Fresh off a Grammy win for the new Broadway cast recording of Annie Get Your Gun (starring Bernadette Peters), and with mounting requests to conduct major symphony orchestras piling up on his desk, McDaniel sat down for an informal interview with TheaterMania. As he spoke candidly about his pal Rosie, his career thus far, upcoming projects, and life in general, JMcD revealed facets of a fellow we may not know as well as we think we do.
TM: First of all, let me wish you a belated Happy Birthday.
JMcD: Thanks so much. I just turned 39.
TM: ...for the first time.
JMcD: (laughing) First and last! I'm actually looking forward to my 40s.
TM: Well, the Grammy award must have been an incredible birthday present for you.
JMcD: Oh, yes. But something hilarious happened at the Grammy ceremony. Lalo Schifrin gave the award. He read off the nominees and he said, "And the winner is Ste..." He just got that much out, and my co-producer Steve Ferrara and I jumped out of our seats. Then [Schifrin] said "Steven Ferrara and John McDaniel," so it was fine. But, later, I realized that Steven Trask wrote the music to Hedwig [and the Angry Inch]." If [Schifrin] had been saying "Steven Trask," I would have been mortified!
TM: It would have been one of those horrible moments.
JMcD: Horrible. But we were really thrilled to win.
TM: This was your first time producing a Broadway cast recording. Tell me a little bit about that experience.
JMcD: Well, it was great fun. I'm indebted to Barry Weissler--the producer of the show on Broadway--who had the idea that I might do the album. I did all of the arrangements for the show, so I was really familiar with it, and I realized it would be such a great first record to do because I know the material inside and out. If anything, I was a little too close to it. But, of course, I said I would be thrilled [to produce]. I paired up with Steven Ferrara, who works for Angel Records, and we proved to be a really great team.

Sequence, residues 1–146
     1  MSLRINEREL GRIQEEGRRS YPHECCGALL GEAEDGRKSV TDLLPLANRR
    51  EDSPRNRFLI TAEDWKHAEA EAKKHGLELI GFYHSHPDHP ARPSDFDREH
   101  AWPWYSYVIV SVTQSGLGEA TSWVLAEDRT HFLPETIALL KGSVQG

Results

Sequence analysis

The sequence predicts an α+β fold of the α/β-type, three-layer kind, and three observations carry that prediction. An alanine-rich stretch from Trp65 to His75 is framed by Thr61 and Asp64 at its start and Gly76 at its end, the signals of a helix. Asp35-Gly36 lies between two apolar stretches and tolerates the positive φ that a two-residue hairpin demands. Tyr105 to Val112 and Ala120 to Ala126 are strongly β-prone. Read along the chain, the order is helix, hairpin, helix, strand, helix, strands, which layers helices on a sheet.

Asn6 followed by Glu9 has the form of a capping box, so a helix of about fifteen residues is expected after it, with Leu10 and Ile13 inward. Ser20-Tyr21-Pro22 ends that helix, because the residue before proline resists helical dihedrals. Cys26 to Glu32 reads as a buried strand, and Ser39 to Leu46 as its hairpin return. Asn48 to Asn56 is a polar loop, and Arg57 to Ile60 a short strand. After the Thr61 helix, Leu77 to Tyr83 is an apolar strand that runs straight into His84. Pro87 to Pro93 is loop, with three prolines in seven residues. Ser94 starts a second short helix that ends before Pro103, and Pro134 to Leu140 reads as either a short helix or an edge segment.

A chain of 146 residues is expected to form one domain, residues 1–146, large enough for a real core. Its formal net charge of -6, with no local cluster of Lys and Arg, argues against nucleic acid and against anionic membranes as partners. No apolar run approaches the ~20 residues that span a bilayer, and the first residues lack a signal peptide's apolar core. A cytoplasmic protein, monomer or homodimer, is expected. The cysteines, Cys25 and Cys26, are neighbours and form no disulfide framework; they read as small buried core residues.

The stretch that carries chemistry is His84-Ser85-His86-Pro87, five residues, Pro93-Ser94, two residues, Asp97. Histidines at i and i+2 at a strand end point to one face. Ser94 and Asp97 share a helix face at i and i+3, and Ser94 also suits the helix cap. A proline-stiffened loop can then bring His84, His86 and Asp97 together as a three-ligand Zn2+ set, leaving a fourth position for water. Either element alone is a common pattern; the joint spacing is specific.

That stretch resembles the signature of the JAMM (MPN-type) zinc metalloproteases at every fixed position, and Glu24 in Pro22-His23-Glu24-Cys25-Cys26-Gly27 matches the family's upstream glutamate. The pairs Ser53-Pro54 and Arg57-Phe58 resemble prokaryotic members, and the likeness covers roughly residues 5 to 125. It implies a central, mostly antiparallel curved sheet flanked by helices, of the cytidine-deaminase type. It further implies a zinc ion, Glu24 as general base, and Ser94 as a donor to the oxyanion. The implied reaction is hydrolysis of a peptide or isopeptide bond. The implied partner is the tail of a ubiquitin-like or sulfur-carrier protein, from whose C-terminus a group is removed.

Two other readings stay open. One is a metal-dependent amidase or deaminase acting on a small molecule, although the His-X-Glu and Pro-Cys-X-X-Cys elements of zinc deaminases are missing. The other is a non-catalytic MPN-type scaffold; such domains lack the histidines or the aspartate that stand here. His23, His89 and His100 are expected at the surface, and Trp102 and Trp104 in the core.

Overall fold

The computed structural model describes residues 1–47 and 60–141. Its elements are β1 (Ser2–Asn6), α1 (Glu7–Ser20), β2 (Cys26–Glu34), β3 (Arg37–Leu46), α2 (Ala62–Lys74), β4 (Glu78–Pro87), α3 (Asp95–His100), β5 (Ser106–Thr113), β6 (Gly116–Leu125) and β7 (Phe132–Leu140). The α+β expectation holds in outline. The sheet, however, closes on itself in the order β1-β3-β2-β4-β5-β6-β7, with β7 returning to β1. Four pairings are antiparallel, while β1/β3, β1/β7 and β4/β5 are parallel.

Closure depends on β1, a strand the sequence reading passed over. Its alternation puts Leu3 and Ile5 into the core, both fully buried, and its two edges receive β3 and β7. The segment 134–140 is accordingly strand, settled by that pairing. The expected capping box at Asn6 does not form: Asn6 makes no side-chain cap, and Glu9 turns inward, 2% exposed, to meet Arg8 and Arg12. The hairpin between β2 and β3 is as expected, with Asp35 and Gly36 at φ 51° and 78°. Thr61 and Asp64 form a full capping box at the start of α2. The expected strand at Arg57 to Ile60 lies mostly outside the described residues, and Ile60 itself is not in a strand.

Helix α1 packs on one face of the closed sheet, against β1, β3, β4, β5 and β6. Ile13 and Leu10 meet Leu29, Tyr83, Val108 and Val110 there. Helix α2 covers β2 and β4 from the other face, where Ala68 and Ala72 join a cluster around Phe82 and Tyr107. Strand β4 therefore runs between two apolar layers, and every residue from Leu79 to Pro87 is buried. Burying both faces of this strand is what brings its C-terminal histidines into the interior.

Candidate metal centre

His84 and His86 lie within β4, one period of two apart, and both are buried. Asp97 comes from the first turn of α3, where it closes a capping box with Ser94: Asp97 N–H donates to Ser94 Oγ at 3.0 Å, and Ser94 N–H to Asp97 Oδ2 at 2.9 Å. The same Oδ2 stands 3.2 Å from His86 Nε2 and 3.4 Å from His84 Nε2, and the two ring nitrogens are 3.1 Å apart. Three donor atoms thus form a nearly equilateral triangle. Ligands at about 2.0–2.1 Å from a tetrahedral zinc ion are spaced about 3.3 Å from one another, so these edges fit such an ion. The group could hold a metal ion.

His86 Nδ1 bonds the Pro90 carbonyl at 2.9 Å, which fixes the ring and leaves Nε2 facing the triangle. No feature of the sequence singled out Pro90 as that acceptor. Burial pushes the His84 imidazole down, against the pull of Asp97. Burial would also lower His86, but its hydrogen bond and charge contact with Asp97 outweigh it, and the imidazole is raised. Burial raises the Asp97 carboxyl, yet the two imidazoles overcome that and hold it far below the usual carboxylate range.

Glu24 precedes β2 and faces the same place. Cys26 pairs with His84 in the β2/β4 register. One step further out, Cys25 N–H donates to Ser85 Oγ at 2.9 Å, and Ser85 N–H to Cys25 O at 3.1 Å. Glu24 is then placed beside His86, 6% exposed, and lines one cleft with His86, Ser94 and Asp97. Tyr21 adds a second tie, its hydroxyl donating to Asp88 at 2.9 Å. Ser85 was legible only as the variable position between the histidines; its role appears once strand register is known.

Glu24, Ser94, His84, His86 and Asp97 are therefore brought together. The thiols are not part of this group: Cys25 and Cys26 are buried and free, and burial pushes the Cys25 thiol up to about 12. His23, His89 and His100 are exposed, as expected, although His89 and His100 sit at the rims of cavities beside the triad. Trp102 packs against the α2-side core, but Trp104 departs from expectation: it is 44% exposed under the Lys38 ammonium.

TM: Were there any major problems that you, as a producer, had to deal with?
JMcD: Not at all. Angel was a terrific company to work with. And Bernadette [Peters] gave it her all. She really bent over backwards to make it a great album.
TM: Recently, you've been performing with symphony orchestras and philharmonics around the country.
JMcD: My favorite thing. I'm from St. Louis and, when I was a kid I would go with my mom to see the St. Louis Symphony. They had a Saturday afternoon series and we'd go, like, five times a year. I can remember getting bundled up with my mom and we'd go to Powell Hall, this magnificent symphony hall. We'd sit up in the dress circle, and this guy would walk out on stage. He would turn around and bow, and then he would conduct magnificent music. That had such an impact on me. Fast forward to years later: I'm on television, I have some visibility, and the St. Louis Symphony asks me if I would be interested in conducting the St. Louis Pops.
TM: I'll bet you fell out of your chair!
JMcD: I really did! I had just begun to dream about doing that kind of thing you know? So, a couple of years ago, I did my first concert with the orchestra. It was "home town boy comes home," and it was a big success. I brought a dear friend of mine to be the guest star: Anne Runolfsson, who's done a million Broadway shows.
TM: What kind of repertoire do you program?
JMcD: We do a lot of music from Broadway. Last year, we did a Halloween program that was great fun. I've done a tribute to big bands, and quite a lot of Christmas programs. But, whenever it's my first time with an orchestra and they ask my favorite type of music, I always say "Broadway."